Study sheds light on how glial cells control the function of nerve cells

Research led by scientists at the University of Illinois, Chicago, have established how glial cells may modulate the activity of nerve cells. The study suggests that glial cells modulate neurotransmitter release by increasing the acidity of the immediate extracellular environment.

Credit: kateryna kon/ Shutterstock.com

Previous studies have suggested that a common neurotransmitter, adenine triphosphate (ATP), may be involved in the signalling process that occurs between glial cells and nerve cells.

As reported in PLOS ONE, when Robert Paul Malchow and team applied ATP to retinal glial cells, they observed an immediate, mass release of acid from the cells that raised the acidity of the immediate extracellular environment.

We decided to further investigate ATP and glial cells because of this really strong response that raised acid levels in the environment right next to the glial cells more than 1000 percent,"

Robert Paul Malchow,University of Illinois

The study showed that an increase in ATP outside of the nerve cells triggered adjacent glial cells to release hydrogen ions, which increased the acidity of the extracellular environment. The hydrogen ions bind to calcium channels located in the membranes of nerve cells, closing those channels off. When open, the channels enable the release of neurotransmitters.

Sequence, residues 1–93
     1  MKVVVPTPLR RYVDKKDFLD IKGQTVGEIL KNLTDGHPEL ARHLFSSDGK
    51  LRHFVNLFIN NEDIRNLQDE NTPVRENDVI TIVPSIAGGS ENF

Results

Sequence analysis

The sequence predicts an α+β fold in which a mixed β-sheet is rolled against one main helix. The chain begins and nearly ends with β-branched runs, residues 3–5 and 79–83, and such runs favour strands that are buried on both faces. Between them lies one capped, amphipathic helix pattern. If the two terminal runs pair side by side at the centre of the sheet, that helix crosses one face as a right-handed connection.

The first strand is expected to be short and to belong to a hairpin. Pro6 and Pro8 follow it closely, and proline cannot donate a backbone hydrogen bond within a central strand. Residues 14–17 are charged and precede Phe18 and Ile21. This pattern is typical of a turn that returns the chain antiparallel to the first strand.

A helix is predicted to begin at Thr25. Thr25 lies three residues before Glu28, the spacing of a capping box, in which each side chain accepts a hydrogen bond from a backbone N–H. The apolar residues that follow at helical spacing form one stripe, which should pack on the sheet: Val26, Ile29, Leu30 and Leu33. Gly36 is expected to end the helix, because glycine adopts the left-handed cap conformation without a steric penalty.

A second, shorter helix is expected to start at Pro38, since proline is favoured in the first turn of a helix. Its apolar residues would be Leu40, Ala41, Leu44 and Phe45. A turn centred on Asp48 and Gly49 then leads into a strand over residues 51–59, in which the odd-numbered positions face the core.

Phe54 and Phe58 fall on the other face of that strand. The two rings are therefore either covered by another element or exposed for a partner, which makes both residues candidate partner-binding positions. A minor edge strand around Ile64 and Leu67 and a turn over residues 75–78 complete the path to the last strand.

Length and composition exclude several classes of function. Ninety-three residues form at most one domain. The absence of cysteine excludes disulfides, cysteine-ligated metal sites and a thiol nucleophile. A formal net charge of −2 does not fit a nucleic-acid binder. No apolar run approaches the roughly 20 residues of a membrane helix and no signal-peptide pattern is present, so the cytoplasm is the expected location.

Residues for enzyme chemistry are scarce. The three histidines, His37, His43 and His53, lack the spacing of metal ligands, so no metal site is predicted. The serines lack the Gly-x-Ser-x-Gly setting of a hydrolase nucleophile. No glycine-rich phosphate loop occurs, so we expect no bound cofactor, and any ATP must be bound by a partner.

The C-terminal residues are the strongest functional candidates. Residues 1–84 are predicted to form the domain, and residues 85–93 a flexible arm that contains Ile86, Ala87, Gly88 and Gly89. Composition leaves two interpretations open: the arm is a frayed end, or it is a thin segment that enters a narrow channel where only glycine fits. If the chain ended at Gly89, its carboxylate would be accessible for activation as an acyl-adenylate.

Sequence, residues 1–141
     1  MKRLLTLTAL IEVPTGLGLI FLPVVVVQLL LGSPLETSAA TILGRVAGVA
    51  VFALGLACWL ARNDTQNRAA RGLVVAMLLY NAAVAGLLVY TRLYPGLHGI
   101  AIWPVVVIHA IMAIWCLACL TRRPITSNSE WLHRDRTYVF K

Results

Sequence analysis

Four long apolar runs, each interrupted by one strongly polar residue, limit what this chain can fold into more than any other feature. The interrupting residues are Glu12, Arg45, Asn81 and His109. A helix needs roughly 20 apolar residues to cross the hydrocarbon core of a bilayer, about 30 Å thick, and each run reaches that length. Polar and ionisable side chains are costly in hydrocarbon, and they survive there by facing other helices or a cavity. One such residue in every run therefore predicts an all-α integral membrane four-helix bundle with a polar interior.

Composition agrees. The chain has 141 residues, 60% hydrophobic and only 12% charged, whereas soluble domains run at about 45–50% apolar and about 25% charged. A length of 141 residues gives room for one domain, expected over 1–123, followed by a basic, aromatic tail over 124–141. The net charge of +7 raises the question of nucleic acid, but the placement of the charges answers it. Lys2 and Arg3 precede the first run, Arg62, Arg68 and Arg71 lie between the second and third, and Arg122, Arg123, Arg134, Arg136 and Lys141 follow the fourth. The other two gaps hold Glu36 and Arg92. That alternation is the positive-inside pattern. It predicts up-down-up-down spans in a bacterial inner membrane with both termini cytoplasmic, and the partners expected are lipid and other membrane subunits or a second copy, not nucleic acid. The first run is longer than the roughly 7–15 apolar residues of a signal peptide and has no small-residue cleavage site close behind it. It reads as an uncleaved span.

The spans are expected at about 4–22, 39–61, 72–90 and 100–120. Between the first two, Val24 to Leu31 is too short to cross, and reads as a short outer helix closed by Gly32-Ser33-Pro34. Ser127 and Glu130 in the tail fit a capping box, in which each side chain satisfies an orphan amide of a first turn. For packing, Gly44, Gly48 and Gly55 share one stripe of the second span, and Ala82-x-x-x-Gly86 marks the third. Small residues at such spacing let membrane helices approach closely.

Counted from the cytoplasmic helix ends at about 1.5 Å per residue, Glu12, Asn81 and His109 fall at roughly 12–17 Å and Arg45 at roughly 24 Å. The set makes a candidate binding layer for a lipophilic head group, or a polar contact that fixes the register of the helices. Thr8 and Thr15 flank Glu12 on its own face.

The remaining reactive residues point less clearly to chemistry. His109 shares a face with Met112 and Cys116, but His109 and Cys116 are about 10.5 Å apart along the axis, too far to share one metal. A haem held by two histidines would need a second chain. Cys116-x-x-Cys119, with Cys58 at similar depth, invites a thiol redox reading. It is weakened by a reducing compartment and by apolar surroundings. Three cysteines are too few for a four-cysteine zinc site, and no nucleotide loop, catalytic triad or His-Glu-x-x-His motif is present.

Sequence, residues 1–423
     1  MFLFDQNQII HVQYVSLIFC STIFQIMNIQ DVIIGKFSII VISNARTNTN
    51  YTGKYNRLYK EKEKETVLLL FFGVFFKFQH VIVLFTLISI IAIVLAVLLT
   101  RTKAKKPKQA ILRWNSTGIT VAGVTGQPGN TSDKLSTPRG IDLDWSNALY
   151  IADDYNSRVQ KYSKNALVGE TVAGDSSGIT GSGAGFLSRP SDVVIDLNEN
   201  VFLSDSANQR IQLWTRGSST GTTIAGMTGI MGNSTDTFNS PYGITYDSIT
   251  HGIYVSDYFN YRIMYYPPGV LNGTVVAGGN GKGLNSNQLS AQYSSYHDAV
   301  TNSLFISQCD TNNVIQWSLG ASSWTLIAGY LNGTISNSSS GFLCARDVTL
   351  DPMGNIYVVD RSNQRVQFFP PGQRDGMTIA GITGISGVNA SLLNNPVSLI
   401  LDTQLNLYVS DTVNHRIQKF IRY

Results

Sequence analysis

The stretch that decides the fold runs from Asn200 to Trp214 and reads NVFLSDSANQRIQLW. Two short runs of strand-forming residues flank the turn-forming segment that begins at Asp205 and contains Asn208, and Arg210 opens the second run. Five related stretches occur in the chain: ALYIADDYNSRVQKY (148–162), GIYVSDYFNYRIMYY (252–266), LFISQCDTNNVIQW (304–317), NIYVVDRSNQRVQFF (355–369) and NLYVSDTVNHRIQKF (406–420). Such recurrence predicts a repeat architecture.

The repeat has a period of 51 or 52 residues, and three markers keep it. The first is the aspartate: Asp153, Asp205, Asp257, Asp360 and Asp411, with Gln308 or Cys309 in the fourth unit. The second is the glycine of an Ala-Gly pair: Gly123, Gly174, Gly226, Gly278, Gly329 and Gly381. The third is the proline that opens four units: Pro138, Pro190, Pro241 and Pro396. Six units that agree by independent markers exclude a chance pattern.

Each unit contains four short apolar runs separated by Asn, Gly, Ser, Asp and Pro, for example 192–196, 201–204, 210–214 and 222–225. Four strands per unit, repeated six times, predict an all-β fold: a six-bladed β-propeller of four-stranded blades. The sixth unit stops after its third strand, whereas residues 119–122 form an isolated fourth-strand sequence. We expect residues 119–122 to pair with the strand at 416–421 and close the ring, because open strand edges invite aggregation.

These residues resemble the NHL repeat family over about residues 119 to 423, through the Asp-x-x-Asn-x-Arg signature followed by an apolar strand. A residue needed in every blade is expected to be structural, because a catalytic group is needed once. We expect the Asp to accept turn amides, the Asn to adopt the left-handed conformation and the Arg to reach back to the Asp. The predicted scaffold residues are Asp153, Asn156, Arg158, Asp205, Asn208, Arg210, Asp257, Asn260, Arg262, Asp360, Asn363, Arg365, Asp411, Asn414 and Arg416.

"Increases in acidity in the extracellular environment produced by the glial cells forms a feedback loop which prevents the release of too much neurotransmitter," Malchow explains.

For the study, the team used highly sensitive pH sensors to measure alterations in pH around retinal glial cells isolated from various organisms, including humans. The sensors were developed by the Marine Biological Laboratory.

The team propose that the release of neurotransmitters from nerve cells is decreased by the acid the glial cells release, with the acid binding to and blocking the neuronal calcium channels that modulate the release of neurotransmitters.

"We believe that this ATP-mediated release of protons by glial cells acts as an essential feedback mechanism throughout the nervous system to limit over-excitability of neurons," concludes Malchow.

Sally Robertson

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Sally Robertson

Sally graduated from Greenwich University with a first-class honours degree in Biomedical Science. After five years working in the scientific publishing sector, Sally developed an interest in medical journalism and copywriting and went on to pursue this on a freelance basis. In her spare time Sally enjoys cross-country biking and walking, tennis and crosswords.

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